Reflections on Slavery and the Constitution

Reflections on Slavery and the Constitution

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Description

In this insightful book about constitutional law and slavery, George Anastaplo illuminates both how the history of race relations in the United States should be approached and how seemingly hopeless social and political challenges can be usefully considered through the lens of the U.S. Constitution. He examines the outbreak of the American Civil War, its prosecution, and its aftermath, tracing the concept of slavery and law from its earliest beginnings and slavery's fraught legal history within the United States. Anastaplo offers discussions that bring into focus discussions of slavery in Ancient Greece and within the Bible, showing their influence on the Constitution and the subsequent political struggles that led to the Civil War.show more

Product details

  • Hardback | 334 pages
  • 160.02 x 231.14 x 30.48mm | 635.03g
  • Lexington Books
  • Lanham, MD, United States
  • English
  • New.
  • 0739171763
  • 9780739171769

Review quote

Anastaplo, one of America's leading scholars on law and the Constitution, offers a profound study of the history of slavery and American constitutional law. In this fourth volume in his ambitious ten-part series of 'constitutional sonnets,' Anastaplo argues that a thorough analysis of the history and development of constitutional law and slavery can help readers better understand the state of race relations in the US today. He also maintains that a commitment to understanding fully the language and history of the Constitution can help US society overcome seemingly intractable political and social conflict. In the present volume, Anastaplo largely succeeds in achieving these goals. Although the history of slavery in America is a well-trodden subject, Anastaplo builds a compelling narrative by tightly binding the slavery issue to American constitutionalism, while drawing on a diverse range of supporting materials, including literature, sociology, philosophy, history, political science, and law. In the end, Anastaplo makes a compelling case that the Northern victory in the Civil War was not just a vindication of the strength of the Union, but also a vindication of the enduring strength of constitutional principles. Summing Up: Highly recommended. CHOICE George Anastaplo has lived a long life and made a noted career out of playing by his own rules, and that independent streak is on full display in this book. Review of Politics Condemnation of slavery in the United States is a field well plowed. Non-the-less George Anastaplo's fourth volume in his 'constitutional Sonnets' series is a fresh and welcome addition. Reflections on Slavery and the Constitution demonstrates once again that he is one of the most sensitive scholarly interpreters of the Constitution. In the manner of his teacher Leo Strauss, Anastaplo lays bare the roots of the human and political tragedy that encompassed the introduction of slavery, the defense of slavery, and the defeat of slavery. -- John A. Murleyshow more

About George Anastaplo

George Anastaplo is currently Lecturer in the Liberal Arts at the University of Chicago, Professor of Law at Loyola University of Chicago, and Professor Emeritus of Political Science and of Philosophy at Dominican University.show more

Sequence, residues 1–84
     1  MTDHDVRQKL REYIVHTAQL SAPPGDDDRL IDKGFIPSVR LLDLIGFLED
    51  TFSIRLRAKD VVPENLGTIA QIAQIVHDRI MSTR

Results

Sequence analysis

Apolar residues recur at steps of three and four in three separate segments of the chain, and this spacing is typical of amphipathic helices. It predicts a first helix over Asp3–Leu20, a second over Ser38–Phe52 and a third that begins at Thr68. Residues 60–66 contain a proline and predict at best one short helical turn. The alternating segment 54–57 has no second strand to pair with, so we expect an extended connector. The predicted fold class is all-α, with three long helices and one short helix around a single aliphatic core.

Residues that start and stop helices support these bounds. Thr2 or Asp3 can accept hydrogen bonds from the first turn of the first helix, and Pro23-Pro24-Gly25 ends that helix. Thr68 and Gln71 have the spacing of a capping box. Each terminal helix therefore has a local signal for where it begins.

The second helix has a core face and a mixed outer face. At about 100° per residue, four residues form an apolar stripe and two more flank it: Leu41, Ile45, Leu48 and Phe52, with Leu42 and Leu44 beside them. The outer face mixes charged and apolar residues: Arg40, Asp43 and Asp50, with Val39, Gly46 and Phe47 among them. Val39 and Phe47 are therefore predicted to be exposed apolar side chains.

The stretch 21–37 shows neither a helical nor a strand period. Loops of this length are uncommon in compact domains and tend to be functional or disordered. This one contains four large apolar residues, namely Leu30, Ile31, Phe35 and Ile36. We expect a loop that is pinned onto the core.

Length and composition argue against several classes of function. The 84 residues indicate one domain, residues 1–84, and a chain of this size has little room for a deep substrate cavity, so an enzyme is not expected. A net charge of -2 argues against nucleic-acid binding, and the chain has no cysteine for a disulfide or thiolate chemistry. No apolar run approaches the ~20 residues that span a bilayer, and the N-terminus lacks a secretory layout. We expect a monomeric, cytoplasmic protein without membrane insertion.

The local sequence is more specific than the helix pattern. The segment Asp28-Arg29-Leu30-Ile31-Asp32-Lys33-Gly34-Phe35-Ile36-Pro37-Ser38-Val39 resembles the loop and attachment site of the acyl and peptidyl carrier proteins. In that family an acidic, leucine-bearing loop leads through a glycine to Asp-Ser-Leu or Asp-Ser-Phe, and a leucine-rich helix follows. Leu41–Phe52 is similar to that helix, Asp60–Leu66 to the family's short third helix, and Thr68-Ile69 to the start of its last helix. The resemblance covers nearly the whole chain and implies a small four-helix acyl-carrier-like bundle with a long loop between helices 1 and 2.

Table of contents

Preface Part One Chapter 1: Slavery in Ancient Greece Chapter 2: Slavery and the Bible Chapter 3: Hugo Grotius (1625) Chapter 4: Somerset v. Stewart and Its Consequences (1771-1772) Chapter 5: John Wesley and the Sins of Slavery (1774) Chapter 6: The Declaration of Independence and the Issue of Slavery (1776) Chapter 7: Human Nature and the Constitution Chapter 8: The Compromises with Respect to Equality in the Constitution (1787) Chapter 9: The States in the Constitution (1787) Chapter 10: The Federalist on Slavery and the Constitution (1787-1788) Chapter 11: Hannah More and Other Poets on Slavery (1798-1847) Chapter 12: Suppression of the International Slave Trade Chapter 13: John Quincy Adams and John C. Calhoun On the Abolitionist Petition to Congress Part Two Chapter 1: The Fugitive Slave Laws (1793, 1850) Chapter 2: Frederick Douglas and Uncle Tom's Cabin (1852) Chapter 3: Chief Justice Taney and the Dred Scott Case (1857) Chapter 4: The Dred Scott Case Dissenters (1857) Chapter 5: Abraham Lincoln in Cincinnati (1859, 1861) Chapter 6: Stephen A. Douglas in Montgomery (November 1860) Chapter 7: The Ordinances of Secession (1860-1861) Chapter 8: The Declarations of Causes Issued by Seceding States (1860-1861) Chapter 9: The Confederate Constitution (1861) Chapter 10: Abraham Lincoln, the Civil War Generals, and Slavery (1860-1865) Chapter 11: Ralph Waldo Emerson and the Emancipation Proclamation (1863) Chapter 12: The Civil War Amendments (1865, 1868, 1870) Chapter 13: The Lost Cause Transformed Appendices Appendix A: The Declaration of Independence (1776) Appendix B: The Northwest Ordinance (1787) Appendix C: The United States Constitution (1787) Appendix D: The Amendments to the United States Constitution (1791-1992) Appendix E: The Confederate Constitution (1861) Appendix F: On the Relations of Slaves to Masters Who Considered Them "Nothings" Appendix G: Roster of Cases and other Materials Draw Onshow more